Former civil servant jailed for selling personal data to private investigators

The Office of the Data Protection Commissioner called it "one of the most serious data breaches ever uncovered in this State"

Former civil servant jailed for selling personal data to private investigators

Picture by: Dominic Lipinski/PA Wire/PA Images

A former civil servant has been jailed for one year for selling confidential information to private investigators.

Rory Lenihan - with an address in Letterkenny, Co Donegal - worked for the Department of Social Protection, where he passed on personal information on computer databases between 2008 and 2010.

He pleaded guilty to 12 sample charges of giving personal details for corrupt payments to two private investigators.

He was sentenced to two years imprisonment with the final year suspended.

The Office of the Data Protection Commissioner says it is one of the most serious date breaches ever uncovered in Ireland.

In a statement, Assistant Commissioner Tony Delaney welcomed the court outcome.

He said: "The form and scale of the offending behaviour which came to light in the investigation of this case was shocking. This case stands out as one of the most serious data breaches ever uncovered in this State.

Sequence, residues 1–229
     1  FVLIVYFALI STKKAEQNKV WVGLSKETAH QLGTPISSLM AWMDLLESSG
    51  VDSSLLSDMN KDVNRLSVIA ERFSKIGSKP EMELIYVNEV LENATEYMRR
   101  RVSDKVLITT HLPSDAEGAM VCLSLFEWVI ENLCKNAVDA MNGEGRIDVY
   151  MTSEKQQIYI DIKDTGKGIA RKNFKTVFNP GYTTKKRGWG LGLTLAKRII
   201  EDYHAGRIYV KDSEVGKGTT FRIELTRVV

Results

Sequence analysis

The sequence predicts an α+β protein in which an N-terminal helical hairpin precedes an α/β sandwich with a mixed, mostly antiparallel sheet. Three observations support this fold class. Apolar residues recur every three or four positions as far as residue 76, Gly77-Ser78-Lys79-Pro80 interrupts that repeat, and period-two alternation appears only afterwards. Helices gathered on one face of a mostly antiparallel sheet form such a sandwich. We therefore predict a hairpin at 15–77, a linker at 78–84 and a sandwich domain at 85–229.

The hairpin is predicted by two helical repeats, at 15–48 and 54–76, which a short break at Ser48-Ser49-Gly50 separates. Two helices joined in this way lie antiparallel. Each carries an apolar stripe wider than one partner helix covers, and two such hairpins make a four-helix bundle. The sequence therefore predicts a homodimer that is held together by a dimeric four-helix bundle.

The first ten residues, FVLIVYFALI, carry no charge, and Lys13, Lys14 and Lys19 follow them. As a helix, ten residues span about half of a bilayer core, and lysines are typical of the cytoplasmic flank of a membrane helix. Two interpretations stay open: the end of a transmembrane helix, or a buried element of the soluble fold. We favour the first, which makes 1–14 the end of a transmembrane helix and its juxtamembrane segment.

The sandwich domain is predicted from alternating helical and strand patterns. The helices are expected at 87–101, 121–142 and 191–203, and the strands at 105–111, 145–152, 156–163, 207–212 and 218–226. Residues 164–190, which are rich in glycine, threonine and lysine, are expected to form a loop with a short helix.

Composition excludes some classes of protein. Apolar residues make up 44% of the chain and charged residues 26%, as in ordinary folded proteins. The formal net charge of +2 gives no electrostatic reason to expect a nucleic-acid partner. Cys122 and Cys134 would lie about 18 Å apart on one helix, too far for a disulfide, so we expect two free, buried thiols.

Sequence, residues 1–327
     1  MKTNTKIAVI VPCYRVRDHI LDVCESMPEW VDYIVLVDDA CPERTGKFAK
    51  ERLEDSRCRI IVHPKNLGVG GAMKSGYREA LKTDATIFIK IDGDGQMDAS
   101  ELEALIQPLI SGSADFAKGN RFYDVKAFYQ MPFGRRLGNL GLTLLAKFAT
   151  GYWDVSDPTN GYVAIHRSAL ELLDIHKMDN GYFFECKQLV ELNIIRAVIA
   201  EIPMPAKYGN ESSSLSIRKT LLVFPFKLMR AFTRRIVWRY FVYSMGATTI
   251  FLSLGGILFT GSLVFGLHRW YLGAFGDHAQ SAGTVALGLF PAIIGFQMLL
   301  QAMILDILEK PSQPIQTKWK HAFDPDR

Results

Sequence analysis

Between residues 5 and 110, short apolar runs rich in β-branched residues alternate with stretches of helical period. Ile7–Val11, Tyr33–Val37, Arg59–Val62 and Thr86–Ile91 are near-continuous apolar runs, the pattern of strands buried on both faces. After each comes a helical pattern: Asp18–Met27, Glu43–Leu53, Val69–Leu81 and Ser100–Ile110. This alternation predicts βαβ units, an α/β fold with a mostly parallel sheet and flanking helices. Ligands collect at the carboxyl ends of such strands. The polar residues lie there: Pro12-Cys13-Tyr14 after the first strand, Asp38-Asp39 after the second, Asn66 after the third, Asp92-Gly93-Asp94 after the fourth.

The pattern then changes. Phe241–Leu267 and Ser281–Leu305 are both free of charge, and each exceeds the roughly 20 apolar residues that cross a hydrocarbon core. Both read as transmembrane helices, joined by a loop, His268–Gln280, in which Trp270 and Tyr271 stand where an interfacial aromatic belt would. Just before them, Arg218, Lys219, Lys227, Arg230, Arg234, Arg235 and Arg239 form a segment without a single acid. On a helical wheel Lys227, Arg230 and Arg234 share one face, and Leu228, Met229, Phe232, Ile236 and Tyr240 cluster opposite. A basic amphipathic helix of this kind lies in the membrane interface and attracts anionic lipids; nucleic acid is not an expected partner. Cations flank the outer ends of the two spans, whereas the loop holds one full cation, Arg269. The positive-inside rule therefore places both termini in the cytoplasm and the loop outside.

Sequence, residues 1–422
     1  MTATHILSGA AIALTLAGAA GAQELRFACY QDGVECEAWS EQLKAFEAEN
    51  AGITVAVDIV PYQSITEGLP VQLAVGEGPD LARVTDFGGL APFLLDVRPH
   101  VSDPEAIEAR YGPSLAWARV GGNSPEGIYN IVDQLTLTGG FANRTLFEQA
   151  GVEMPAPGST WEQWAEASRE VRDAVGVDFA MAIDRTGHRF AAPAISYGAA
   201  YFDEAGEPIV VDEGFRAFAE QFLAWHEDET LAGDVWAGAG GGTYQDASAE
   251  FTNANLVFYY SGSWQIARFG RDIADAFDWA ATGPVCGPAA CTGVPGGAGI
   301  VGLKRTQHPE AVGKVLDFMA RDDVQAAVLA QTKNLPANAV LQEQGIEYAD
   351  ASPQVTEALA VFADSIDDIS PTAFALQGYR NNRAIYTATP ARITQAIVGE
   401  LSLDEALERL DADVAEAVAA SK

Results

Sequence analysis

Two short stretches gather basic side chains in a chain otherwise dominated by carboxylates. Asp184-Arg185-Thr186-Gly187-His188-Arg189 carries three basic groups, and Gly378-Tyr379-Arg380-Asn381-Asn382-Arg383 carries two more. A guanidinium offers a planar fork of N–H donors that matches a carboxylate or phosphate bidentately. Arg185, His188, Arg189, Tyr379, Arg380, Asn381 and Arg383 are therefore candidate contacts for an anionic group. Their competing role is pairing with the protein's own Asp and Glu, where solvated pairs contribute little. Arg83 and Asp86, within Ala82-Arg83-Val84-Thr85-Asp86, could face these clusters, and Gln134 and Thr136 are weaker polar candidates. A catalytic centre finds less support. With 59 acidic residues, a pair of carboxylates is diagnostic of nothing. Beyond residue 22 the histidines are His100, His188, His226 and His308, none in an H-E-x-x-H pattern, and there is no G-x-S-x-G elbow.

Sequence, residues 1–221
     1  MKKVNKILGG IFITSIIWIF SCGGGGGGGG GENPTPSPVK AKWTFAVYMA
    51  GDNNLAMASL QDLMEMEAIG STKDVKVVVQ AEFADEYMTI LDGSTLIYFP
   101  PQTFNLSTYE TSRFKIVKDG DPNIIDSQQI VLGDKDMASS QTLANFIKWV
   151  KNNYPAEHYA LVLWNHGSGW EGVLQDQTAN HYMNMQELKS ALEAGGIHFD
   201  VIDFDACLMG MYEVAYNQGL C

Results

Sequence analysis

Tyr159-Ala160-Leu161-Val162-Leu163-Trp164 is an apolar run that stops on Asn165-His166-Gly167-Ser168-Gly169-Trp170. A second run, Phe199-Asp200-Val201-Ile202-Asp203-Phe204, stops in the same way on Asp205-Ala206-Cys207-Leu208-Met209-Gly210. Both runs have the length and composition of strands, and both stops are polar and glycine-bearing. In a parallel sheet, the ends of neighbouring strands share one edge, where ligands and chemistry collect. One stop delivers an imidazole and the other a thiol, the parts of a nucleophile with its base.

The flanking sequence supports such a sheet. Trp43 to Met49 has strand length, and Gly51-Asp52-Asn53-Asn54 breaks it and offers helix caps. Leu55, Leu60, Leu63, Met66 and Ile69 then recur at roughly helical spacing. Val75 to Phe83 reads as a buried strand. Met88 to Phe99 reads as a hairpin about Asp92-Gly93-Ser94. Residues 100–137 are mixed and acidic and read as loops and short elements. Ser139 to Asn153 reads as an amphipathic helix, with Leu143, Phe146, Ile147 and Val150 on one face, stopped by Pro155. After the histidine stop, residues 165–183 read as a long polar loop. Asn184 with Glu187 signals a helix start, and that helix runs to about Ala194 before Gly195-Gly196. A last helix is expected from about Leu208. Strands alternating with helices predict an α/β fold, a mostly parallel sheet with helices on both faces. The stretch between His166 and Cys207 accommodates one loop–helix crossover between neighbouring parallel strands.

"That a civil servant, who had ready access for the performance of his official duties to the social welfare records of every customer of the Department, abused his position and trawled through those records and passed on personal information from them to private investigators in exchange for corrupt payments is scandalous and appalling."

Mr Delaney added that employees are given access to personal data records for work-related purposes, and "any deviation by employees from those official purposes [...] constitutes a breach of data protection".